Submitted by Vanessa Fitsanakis
While many programs sponsored by the Society of Toxicology (SOT) focus on opportunities for current toxicologists, the Society is also committed to encouraging talented undergraduates to consider toxicology as a career path. One important way that SOT does this is by providing travel awards to and informational sessions at the SOT Annual Meeting. Two students who received awards from the Committee on Diversity Initiatives (CDI) Undergraduate Diversity Program reflect on the positive impact this important program had on them.
Kenya Homsley (left), a student at North Carolina Central University, and Ashley Reynolds (middle), a senior at King University, are discussing the icebreaker activity questions with their host mentor Jennifer Rayner (right).
Having the opportunity to attend the 2018 SOT Annual Meeting as an undergraduate was a very eye-opening experience. At this conference, I had the privilege of meeting professional toxicologists who were eager to help me understand and gain an insight into their careers. Attending international meetings is an uncommon thing for many of my fellow classmates because we are from King University, which is a small liberal arts college in the foothills of the Appalachian Mountains in Northeast Tennessee/Southwest Virginia. Because King is in a rural area, large events, such as the SOT Annual Meeting, are not always accessible. Being a recipient of the Undergraduate Diversity Program Travel Award provided me with the funds to be able to attend the conference. Aside from financial assistance, the award also granted me access to many events during the weekend leading up to the start of the conference. Most of these were geared towards undergraduate students and provided us with important education about the field of toxicology and all the things it encompasses. The opportunities included presentations that gave us a taste for possible career avenues a toxicologist can take including academia, government, research, and pharmaceuticals. These presentations provided me with insight into the field of toxicology that would have been impossible for me to have gained at my institution.
Picture of me (right) and my research partner Samantha Cole standing together in front our poster we presented.
Another great aspect of the events was that there were many chances for socializing and expanding my network. Not only did I get to talk with professionals in the field, but I also had the opportunity to meet many students who were already engaged in research in toxicology. The poster presentations at the meeting were a great way for me to see the many different research topics that are available to toxicologists. I also had the privilege of presenting my own research poster at the meeting. This was an amazing experience and it was very encouraging to know that I could stand alongside graduate students and defend the work that I have done in the lab. For anyone who is considering a career in science, I would recommend attending the SOT meeting as it provided exposure to the field as a whole and what it has to offer.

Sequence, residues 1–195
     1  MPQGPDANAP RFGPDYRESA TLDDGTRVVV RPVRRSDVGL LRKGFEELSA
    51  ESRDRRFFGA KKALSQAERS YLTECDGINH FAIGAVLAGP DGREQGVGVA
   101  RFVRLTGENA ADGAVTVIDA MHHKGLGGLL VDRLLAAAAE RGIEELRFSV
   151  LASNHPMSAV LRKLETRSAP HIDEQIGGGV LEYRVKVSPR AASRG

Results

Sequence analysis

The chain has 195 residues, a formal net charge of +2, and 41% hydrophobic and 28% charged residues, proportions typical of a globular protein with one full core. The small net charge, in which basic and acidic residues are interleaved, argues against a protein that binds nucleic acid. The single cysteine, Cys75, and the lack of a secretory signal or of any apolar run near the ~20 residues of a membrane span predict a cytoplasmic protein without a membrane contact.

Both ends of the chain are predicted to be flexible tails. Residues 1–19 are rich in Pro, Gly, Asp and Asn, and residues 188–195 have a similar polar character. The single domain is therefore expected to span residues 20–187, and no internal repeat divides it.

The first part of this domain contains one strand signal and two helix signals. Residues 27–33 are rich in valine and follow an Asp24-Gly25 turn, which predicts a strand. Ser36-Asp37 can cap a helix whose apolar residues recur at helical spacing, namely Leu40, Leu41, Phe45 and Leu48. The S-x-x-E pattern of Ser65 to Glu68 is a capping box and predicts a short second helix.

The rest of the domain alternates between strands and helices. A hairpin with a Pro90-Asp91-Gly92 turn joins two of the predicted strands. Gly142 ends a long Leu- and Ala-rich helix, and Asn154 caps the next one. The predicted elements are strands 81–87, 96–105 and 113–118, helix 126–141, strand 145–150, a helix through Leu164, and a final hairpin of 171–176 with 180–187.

After taking Mammalian Toxicology and Advanced Toxicology under Dr. Vanessa Fitsanakis, I have been interested in pursuing a graduate degree in toxicology or a closely related field. I was enrolled in her classes at King University when she attended the 2016 and 2017 SOT Annual Meetings. When she returned she would tell our class about the many interesting topics about which she heard presented at the meeting. Partially because of what she told us about her experiences, I was inspired to seek out a summer internship in toxicology, and I hoped that my research would permit me to submit a successful abstract for the meeting in 2018. I was fortunate to receive the CDI Undergraduate Travel Award.
I am standing by my poster entitled Evaluating the Cytotoxicity of Tin Dioxide Nanofibers.
Going to the weekend events as part of this award gave me an opportunity to connect with professionals in the field. Since I applied for graduate programs in toxicology, I look forward to reconnecting with them in the future as I begin in a career in toxicology after my graduate work. As someone deciding on her future endeavors regarding graduate schools, the advice I was given by people who have undergone similar experiences was irreplaceable to me. Attending this conference also allowed me to share the research I have conducted and to get new ideas to advance my project. I would suggest that all students who are interested in toxicology, or even science itself, attend this annual meeting to push them toward a career that they may not have ever considered in the past!